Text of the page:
The Prince larfed, & intermated that the old man didn’t let many kegs of that bevridge spile in the sellar in the coarse of a year. We sot & tawked there sum time abowt matters & things, & bimeby I axed him how he liked bein Prince, as fur as he’d got.

“To speak plain, Mister Ward,” he sed, “I don’t much like it. I’m sick of all this bowin & scrapin & crawlin & hurrain over a boy like me. I would rather go through the country quietly & enjoy myself in my own way, with the other boys, & not be made a Show of to be gaped at by everybody. When the peple cheer me I feel pleesed, fur I know they meen it; but if these one-horse offishuls cood know how I see threw all their moves & understan exactly what they air after, & knowd how I larft at ’em in private, they’d stop kissin my hands & fawnin over me as they now do. But you know, Mister Ward, I can’t help bein a Prince, & I must do all I kin to fit myself for the persishun I must sum time ockepy.”

“That’s troo,” sez I; “sickness & the doctors will carry the Queen orf one of these dase, sure’s yer born.”

The time hevin arove fur me to take my departer, I rose up & sed: “Albert Edard, I must go, but previs to doin so, I will obsarve that you soot me. Yure a good feller, Albert Edard, & tho I’m agin Princes as a gineral thing, I must say I like the cut of your Gib. When you git to be King, try & be as good a man as your muther has bin! Be just & be Jenerus, espeshully to showmen, who have allers bin aboosed sinse the dase of Noah, who was the fust man to go into the Monagery bizniss, & ef the daily papers of his time air to be beleeved, Noah’s colleckshun of livin wild beests beet ennything ever seen sins tho I make bold to dowt ef his snaiks was ahead of mine. Albert Edard, adoo!” I tuk his hand, which he shook warmly, & givin him a perpetooal free pars to my show, & also parses to take hum for the Queen & Old Albert, I put on my hat and walkt away.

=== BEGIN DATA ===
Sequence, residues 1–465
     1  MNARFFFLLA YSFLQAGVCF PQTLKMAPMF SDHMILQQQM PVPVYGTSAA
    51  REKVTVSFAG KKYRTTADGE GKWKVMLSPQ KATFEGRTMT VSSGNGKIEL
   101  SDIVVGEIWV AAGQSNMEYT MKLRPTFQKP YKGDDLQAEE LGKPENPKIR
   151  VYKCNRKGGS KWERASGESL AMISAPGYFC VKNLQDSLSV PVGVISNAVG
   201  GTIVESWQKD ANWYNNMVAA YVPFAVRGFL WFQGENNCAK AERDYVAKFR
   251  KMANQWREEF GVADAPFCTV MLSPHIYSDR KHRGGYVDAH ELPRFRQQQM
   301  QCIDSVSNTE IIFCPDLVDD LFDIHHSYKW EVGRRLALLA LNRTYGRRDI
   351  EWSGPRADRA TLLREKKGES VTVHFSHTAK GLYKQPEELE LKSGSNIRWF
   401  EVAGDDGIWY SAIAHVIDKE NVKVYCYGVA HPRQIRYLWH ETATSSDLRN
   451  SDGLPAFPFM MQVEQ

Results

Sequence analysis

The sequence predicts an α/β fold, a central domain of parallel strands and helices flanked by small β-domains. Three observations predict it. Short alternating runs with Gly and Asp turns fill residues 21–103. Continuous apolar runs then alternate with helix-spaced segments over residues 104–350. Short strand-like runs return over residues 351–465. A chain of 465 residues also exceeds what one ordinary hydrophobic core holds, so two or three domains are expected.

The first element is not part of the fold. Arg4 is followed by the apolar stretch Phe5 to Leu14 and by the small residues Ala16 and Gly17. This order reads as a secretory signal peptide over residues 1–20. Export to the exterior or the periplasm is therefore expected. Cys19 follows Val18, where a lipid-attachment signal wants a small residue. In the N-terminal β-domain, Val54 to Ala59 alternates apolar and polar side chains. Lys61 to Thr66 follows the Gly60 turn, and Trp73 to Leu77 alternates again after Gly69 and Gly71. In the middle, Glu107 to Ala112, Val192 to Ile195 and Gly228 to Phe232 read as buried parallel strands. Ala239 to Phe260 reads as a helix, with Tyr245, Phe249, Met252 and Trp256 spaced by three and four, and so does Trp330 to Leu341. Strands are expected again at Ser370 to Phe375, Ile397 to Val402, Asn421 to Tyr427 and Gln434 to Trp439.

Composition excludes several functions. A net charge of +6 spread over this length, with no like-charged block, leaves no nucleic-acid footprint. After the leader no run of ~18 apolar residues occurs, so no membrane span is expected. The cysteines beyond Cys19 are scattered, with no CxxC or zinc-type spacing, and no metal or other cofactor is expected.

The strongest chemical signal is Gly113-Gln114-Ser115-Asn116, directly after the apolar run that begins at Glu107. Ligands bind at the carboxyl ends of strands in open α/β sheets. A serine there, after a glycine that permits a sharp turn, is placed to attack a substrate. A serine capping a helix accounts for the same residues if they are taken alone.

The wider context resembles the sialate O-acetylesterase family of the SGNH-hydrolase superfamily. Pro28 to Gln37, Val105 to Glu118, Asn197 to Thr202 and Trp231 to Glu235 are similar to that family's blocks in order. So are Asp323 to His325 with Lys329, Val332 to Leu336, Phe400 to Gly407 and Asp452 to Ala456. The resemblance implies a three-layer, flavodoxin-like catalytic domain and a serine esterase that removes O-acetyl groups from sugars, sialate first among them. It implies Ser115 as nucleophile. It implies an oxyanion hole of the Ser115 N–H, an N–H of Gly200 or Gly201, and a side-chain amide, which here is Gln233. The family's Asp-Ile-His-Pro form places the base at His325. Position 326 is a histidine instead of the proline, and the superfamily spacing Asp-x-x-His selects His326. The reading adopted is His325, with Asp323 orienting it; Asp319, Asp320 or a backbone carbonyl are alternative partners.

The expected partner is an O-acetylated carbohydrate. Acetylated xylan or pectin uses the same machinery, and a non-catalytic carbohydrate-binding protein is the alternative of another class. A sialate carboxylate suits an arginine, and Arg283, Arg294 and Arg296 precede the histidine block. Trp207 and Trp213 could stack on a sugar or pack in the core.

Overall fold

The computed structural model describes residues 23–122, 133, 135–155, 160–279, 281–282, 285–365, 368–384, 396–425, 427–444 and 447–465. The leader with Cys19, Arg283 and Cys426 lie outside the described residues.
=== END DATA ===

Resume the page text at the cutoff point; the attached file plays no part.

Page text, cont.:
“Mrs. Ward,” I solilarquized as I walkt along, “Mrs. Ward, ef you could see your husband now, just as he prowdly emerjis from the presunts of the futer King of Ingland, you’d be sorry you called him a Beest jest becaws he cum home tired 1 nite & wantid to go to bed without takin off his boots. You’d be sorry for tryin to deprive yure husband of the priceless Boon of liberty, Betsy Jane!”

Jest then I met a long perseshun of men with gownds onto ’em. The leader was on horseback, & ridin up to me, he sed:

“Air you Orange?”

Sez I, “Which?”

“Air you a Orangeman?” he repeated, sternly.

“I used to peddle lemins,” sed I, “but never delt in oranges. They are apt to spile on yure hands. What particler Loonatic Asylum hev you & yure friends escaped frum, if I may be so bold?” Just then a sudden thawt struck me, & I sed, “Oh, yure the fellers who air worryin the Prince so, & givin the Juke of Noocastle cold sweats at nite, by yure infernal catawalins, air you? Wall, take the advice of a Amerykin sitterzen, take orf them gownds & don’t try to get up a religious fite, which is 40 times wuss nor a prize fite, over Albert Edard, who wants to receive you all on a ekal footin, not keerin a tinker’s cuss what meetin-house you sleep in Sundays. Go home & mind yure bisness, & not make noosenses of yourselves.” With which observachuns I left ’em.

I shall leave British sile 4thwith.